Texas attorney general: Counties cannot block solar development


Residents of rural Franklin County in northeast Texas have been actively fighting solar development in their community. They have pushed for county commissioners to impose a 180-day ban on solar development.

The issue was raised to the Texas attorney general’s office, which this week advised that county governments lack the legal authority to place such a ban.

The anti-renewable stance of some Texas residents stems from concerns about the land use required for utility-scale projects. Trees, brush, grasslands or farmland are sometimes cleared for these larger projects, fueling resident concerns about over-development.

However, solar is a flexible resource, and utility-scale projects offer co-benefits when developed with pollinator habitats or dual-use agrivolatics, which combines productive farmland with renewable energy production. Another way to add emissions-free solar while limiting development is distributing it on the built environment – on rooftops, carports, and highway rights-of-way. Meanwhile the old alternatives of oil, gas and coal, often require more invasive methods of extraction and production, and produce health-damaging emissions.

In other anti-renewable efforts, some Texans have also urged lawmakers to pass Senate Bill 624, which would have placed significant permitting restrictions and fines on solar and wind energy projects in the state. The bill, which met the ire of renewable energy developers and environmental advocates, passed the Senate, but was unable to make it out of the legislature.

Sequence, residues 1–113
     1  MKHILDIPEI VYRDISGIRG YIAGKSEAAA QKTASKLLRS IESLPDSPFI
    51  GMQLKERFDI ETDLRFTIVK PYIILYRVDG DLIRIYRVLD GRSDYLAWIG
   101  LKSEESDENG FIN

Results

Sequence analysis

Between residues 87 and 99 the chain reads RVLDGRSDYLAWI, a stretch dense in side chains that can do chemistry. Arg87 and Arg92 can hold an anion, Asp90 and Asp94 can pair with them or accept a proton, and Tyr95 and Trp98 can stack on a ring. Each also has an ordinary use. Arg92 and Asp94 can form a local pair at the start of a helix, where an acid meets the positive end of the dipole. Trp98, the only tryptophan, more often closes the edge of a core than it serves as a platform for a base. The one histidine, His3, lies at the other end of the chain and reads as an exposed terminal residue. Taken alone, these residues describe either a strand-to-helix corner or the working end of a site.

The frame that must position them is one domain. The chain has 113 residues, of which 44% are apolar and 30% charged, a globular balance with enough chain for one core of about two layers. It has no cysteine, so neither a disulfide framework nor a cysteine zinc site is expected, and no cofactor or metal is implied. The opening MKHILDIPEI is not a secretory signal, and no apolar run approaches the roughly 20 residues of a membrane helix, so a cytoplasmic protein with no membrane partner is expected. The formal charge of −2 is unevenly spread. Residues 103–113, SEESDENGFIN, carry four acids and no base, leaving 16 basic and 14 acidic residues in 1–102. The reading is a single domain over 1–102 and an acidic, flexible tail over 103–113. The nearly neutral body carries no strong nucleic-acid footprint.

Texas, once the heart of the nation’s oil boom, is now undergoing the nation’s largest solar boom. A 36 GW buildout is expected by the Solar Energy Industries Association (SEIA) over the next five years, building on the 16 GW that is active to date. This buildout will make Texas the #1 state for solar development in terms of capacity, leapfrogging California, the perennial leader.

Much of this investment in solar, which nears $20 billion, is going toward big solar farms, often exceeding 100 MW in capacity. Over 10,000 Texans are employed by the solar industry, and those jobs numbers will rise sharply as more utility-scale projects are built. Today, nearly 5% of Texas electricity is generated by solar.

While some Texans are resistant to the transition to renewables, others have embraced it. Take Concho County, for instance, which houses the Galloway solar project. The project has led to 250 construction jobs and is estimated to generate $18 million in local property tax revenues over its operational life.

“Today, solar is not only one of the lowest cost forms of electricity generation, but also one of the fastest growing workforces in America. Here in Texas, we are creating lifelong careers in clean energy that can sustain generations to come,” said Tom Buttgenbach, founder and chief executive officer of Avantus, developer of the Concho County project.

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